U.S. vaccine near, but deaths rising by 9/11 proportions each day

WASHINGTON (Reuters) -A mounting U.S. death toll has tempered enthusiasm about a coming COVID-19 vaccine with 9/11-like fatalities projected every day for the months ahead, even with a rapid rollout of inoculations, which could start as soon as Monday.

Another 2,902 U.S. deaths were reported on Thursday, a day after a record 3,253 people died, a pace projected to continue for the next two to three months until the vaccine can be widely distributed.

Those daily tolls are roughly equivalent to the 2,996 killed in the attacks of Sept. 11, 2001, and greater than the 2,403 killed in the 1941 attack on Pearl Harbor – traumatic events that reshaped the United States for years.

“Probably for the next 60 to 90 days, we’re going to have more deaths per day than we had on 9/11 or we had at Pearl Harbor,” Dr. Robert Redfield, director of the U.S. Centers for Disease Control and Prevention (CDC), told the Council on Foreign Relations on Thursday.

“The reality is the vaccine approval this week is not going to really impact that, I think, to any degree for the next 60 days,” Redfield said.

A family carries a coffin at Our Lady of Mount Carmel Cemetery, amid a new surge of deaths due to coronavirus disease (COVID-19) in El Paso, Texas, U.S. November 25, 2020. Picture taken November 25, 2020. REUTERS/Ivan Pierre Aguirre

Moving with unprecedented speed, the U.S. Food and Drug Administration (FDA) on Friday was on the cusp of approving emergency use of the coronavirus vaccine developed by Pfizer Inc with its German partner BioNTech.

“The FDA informed Pfizer that they do intend to proceed towards an authorization for their vaccine,” Health and Human Services Secretary Alex Azar told ABC News on Friday.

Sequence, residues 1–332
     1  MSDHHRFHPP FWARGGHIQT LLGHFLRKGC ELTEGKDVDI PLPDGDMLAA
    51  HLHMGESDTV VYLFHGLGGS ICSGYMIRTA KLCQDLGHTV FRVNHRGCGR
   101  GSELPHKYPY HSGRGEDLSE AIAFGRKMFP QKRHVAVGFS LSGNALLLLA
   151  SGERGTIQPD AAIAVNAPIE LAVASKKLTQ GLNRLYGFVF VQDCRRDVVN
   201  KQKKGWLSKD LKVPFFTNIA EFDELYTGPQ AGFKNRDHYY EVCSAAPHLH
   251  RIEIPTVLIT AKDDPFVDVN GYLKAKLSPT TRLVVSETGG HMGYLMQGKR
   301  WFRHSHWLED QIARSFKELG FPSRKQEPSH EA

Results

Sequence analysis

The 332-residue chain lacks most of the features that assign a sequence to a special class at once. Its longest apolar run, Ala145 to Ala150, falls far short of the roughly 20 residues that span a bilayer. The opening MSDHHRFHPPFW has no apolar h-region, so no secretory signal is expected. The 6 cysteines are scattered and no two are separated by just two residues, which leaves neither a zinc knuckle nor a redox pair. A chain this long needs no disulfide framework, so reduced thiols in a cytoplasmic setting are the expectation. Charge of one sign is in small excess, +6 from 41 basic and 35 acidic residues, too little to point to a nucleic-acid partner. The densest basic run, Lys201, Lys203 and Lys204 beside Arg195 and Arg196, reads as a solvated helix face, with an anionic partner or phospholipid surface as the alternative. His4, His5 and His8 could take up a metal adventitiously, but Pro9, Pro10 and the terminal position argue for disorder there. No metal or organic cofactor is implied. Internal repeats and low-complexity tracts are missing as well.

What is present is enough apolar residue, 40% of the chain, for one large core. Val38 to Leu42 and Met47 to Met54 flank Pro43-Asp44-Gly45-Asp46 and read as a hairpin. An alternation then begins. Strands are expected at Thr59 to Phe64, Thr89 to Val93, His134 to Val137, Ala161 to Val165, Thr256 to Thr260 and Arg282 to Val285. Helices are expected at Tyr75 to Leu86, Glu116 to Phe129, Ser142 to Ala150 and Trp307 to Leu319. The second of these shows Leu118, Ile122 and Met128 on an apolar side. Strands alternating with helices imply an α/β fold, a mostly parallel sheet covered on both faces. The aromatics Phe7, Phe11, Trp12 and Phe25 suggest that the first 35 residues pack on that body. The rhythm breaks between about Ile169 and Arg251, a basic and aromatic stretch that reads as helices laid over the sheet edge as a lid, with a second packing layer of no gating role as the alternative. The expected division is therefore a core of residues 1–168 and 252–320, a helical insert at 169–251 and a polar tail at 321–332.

“We will work with Pfizer to get that shipped out so we could be seeing people getting vaccinated Monday or Tuesday,” Azar said.

Britain, Bahrain and Canada have already approved the Pfizer vaccine, and the U.S. advisory panel is due to review a second vaccine, from Moderna Inc, next week. Other vaccine candidates are in the works.

While most vaccines take years to develop, the Pfizer vaccine arrives less than a year after the illness was traced to a market in Wuhan, China, in December of last year.

Chinese officials shared the genetic sequence of the novel coronavirus with the World Health Organization on Jan. 12, triggering the international race toward a vaccine.

A U.S. rollout faces significant logistical challenges to meet President-elect Joe Biden’s goal of inoculating 100 million people within 100 days of his inauguration on Jan. 20.

“It’s not going to be like a light switch on and off. It’s going to be more like a dimmer switch,” said Dr. Mark Mulligan, director of NYU Langone Health Vaccine Center and a lead investigator for the Pfizer trials.

But any American who wants a vaccine should be able to get one by May or June, Assistant U.S. Health Secretary Brett Giroir told Fox News on Friday.

States will determine who gets the vaccine first and were likely to focus on healthcare workers and people in long-term care facilities, followed by the elderly, people with chronic conditions and first responders, Giroir said.

Then there is the American skepticism about vaccines, with only 61% saying they are open to getting vaccinated, according to a Reuters/Ipsos poll.

In the meantime, grim statistics continue to pile up as the United States recorded more than 200,000 cases per day for four straight days with another 220,815 cases on Thursday, according to a Reuters tally of official data.

The United States has so far reported about 15.6 million cases and 292,642 deaths by Thursday.

Deaths are projected to reach 502,000 by April 1, according to an influential model by the University of Washington’s Institute for Health Metrics and Evaluation.

The institute revised that number down by about 37,000 on Thursday with the release of more detailed information about the vaccine and other factors.

By comparison, heart disease killed 655,381 people in the United States and cancer 599,274 in 2018, according to CDC data.


Reporting by Susan Heavey, Peter Szekely, Ankur Banerjee, Anurag Maan and Daniel Trotta; Writing by Daniel Trotta; Editing by Nick Zieminski and Jonathan Oatis


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